We elect to scan images at 300 DPI resolution rescale images to 25% of their original length and width which results in scanned pages which are between ≈ 50 and 150 kB and have dimensions of 636 and 825 pts and 75 DPI. This has not impeded our interpretation of a scanned requisition, but we could certainly re-evaluate this and store at a higher resolution if needed.
It is important to note that we use this software to take care of a clerical problem and not an accreditation-mandated document storage requirement. At present, Reqscan is not compliant with the provincial requirements for requisition storage. For this reason, the original requisition is still retained. The provincial requirement is TIFF only storage, 400 DPI resolution and storage on write-only media. Notwithstanding, for the simple purpose it was designed, we have been satisfied with Reqscan as the process of retrieval is essentially instantaneous.
In terms of "sunk-cost" in setup, development and implementation-related customization, Reqscan was written on a budget of $1500 by the first author. It was tested by a premedical student volunteer daily for 30 days and shell-script customizations requiring about 10 h of invested time were undertaken by the second author.
Systematic review of the causes of laboratory errors demonstrates that most can be traced to the preanalytical phase , which includes errors in patient identification, the order-entry process, the specimen type, handling, processing, and storage. With respect to errors related to the interpretation of a paper requisition, in a study of 660 medical institutions in multiple countries, it was demonstrated that approximately 5% of outpatient laboratory requisitions were associated with at least one order-entry error and that 10% of institutions had errors with at least 18% of requisitions.  After those related to the physician name, not surprisingly, these errors were traced to the laboratory ordering a test that was not on the requisition or not ordering a test that was. Error rates for send-out tests are substantially lower (about 2%) but as high as 5% in some laboratories.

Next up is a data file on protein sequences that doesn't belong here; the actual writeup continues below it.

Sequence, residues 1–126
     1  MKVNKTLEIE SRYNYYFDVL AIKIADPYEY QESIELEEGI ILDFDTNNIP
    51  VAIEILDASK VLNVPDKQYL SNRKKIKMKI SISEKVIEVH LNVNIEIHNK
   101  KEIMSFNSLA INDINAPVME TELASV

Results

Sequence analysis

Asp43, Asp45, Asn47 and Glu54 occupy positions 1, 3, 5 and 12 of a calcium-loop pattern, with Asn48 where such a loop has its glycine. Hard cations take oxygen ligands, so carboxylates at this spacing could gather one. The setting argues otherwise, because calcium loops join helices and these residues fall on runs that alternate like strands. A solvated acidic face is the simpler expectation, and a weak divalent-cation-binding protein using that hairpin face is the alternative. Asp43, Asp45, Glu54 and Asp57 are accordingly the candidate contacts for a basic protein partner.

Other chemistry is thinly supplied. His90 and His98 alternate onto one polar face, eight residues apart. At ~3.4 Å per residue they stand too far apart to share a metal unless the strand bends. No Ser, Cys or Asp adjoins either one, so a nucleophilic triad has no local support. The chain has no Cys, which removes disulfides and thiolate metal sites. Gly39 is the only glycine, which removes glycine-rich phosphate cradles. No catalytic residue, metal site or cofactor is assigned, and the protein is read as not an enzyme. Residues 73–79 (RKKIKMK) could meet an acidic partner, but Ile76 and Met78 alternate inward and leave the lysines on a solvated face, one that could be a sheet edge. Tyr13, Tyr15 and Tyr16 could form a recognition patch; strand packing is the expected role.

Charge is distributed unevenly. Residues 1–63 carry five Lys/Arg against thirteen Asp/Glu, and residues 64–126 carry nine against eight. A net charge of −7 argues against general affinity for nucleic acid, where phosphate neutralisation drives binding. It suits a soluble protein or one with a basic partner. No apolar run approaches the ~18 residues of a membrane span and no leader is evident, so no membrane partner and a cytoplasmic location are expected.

While software of the type we provide here is not designed to prevent preanalytic errors per se, it does facilitate rapid requisition retrieval for confirmation and correction of any errors or omissions at the order-entry level in a post-hoc manner. One context in which the corresponding author has found Reqscan particularly useful relates to samples collected for tumor localization. For example, St. Paul's Hospital performs aldosterone analysis  for a province-wide Primary Aldosteronism screening program. Part of this service involves tumor localization procedures in which multiple specimens are collection from the left and right adrenal veins and the inferior vena cava. Errors in specimen identification could lead to the surgical removal of the incorrect adrenal gland. Because 12 specimens from three anatomical locations, collected in close temporal proximity arrive for accessioning and order-entry at our laboratory all at once, there is always a risk for specimen mix-up. It is now very easy to electronically retrieve the scanned requisition from radiology and confirm that labeling is correct. Additionally, those performing billing procedures for the laboratory have also found Reqscan useful for correcting or confirming billings to the insurer that have been questioned or rejected.